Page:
The Doge's Palace in Venice
Built as early as the 9th century as a castle, later became the representative palace of the doges, until it assumed its sumptuous appearance, a masterpiece of Venetian Gothic architecture,
between the 14th and the 15th century.
Seat of economic, commercial and political power and center of the
, was extended over time, enriched by works of art, and modified even after extensive restoration, particularly after the severe fires of 1483 and 1574.
The unmistakable feature of the building is given by the loggias below, that confer lightness to the air base, dominated however by the powerful upper body covered with marble inlays,
on which stand out the dark shapes of large pointed windows, with a unique effect of static reversal.
The porch has lowered its appearance for works to elevate the ground floor to counter the progressive rise in sea level.
The facades on the pier and on the central square are decorated with balconies, added in the fifteenth century, and by various groups of contemporary and later sculptures.
The access to the building is given by the famous
Porta della Carta
, built by Giovanni and Bartolomeo Bon, dominated by the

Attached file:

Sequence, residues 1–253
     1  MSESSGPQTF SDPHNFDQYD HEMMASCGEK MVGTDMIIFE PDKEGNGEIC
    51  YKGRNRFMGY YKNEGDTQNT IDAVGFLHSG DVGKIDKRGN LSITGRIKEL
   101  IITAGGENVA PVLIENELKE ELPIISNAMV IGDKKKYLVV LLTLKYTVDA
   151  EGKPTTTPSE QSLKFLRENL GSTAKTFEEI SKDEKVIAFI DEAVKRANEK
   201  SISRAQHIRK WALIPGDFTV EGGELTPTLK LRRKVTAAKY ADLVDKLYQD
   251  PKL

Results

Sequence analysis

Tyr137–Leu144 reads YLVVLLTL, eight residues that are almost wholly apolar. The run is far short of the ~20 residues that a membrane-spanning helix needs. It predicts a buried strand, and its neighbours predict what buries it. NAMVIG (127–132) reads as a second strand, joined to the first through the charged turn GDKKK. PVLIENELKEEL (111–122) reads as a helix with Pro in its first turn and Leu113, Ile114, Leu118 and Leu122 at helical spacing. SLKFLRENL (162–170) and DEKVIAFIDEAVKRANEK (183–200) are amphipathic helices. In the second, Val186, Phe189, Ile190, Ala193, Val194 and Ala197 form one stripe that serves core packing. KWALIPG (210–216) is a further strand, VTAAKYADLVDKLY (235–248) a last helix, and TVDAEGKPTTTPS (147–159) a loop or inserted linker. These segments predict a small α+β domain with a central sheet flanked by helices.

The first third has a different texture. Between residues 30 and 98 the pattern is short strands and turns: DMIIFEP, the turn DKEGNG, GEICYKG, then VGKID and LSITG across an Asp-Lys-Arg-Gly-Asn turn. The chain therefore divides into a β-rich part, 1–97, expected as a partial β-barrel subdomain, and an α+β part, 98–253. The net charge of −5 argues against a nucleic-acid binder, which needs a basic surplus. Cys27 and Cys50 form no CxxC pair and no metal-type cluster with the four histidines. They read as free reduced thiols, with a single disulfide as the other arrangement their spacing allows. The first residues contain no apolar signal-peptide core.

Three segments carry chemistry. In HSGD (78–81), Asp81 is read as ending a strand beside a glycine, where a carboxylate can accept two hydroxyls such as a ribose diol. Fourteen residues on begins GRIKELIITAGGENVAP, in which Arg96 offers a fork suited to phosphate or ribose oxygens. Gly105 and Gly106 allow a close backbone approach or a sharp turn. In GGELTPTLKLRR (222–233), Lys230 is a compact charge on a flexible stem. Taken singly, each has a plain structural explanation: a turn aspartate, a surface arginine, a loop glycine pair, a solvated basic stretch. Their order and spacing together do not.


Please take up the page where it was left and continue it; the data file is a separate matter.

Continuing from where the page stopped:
Lion of San Marco
and a trifora window with twisted columns.
Reached the courtyard, you go up to the plane of arcades across the
, which takes its name from the two colossal statues of Mars and Neptune by Sansovino, placed at its sides.
Going up the
, rich in stuccoes and gorgeous decorations, you reach the main floor and the immense
Hall of the Great Council
, whose decoration was entrusted to Veronese, Palma il Giovane and Tintoretto, who lined the entire background wall, behind the throne: his
is the largest canvas in the world.
Adjacent, there is the
Hall of Scrutinio
, equally magnificent, which ends with a majestic triumphal arch by Andrea Tirali.
Overlooking the canal called
Rio di Palazzo
are the apartments of the doge and some judicial rooms.
On the second floor is the
Hall of Four Doors
, which owes its name to its magnificent marble portals and preserves wonderful decorative paintings by Tintoretto, Titian and Tiepolo.
Successively, the rich and solemn
Hall of the Senate
, with works by Tintoretto and Palma il Giovane, the
Hall of the Council of Ten
Hall of the Compass
Then, on the second floor, there are other judicial rooms and the rooms of the Administration.
Beyond the Rio is the building called
, that is connected with the Doge's Palace by the famous
Bridge of Sighs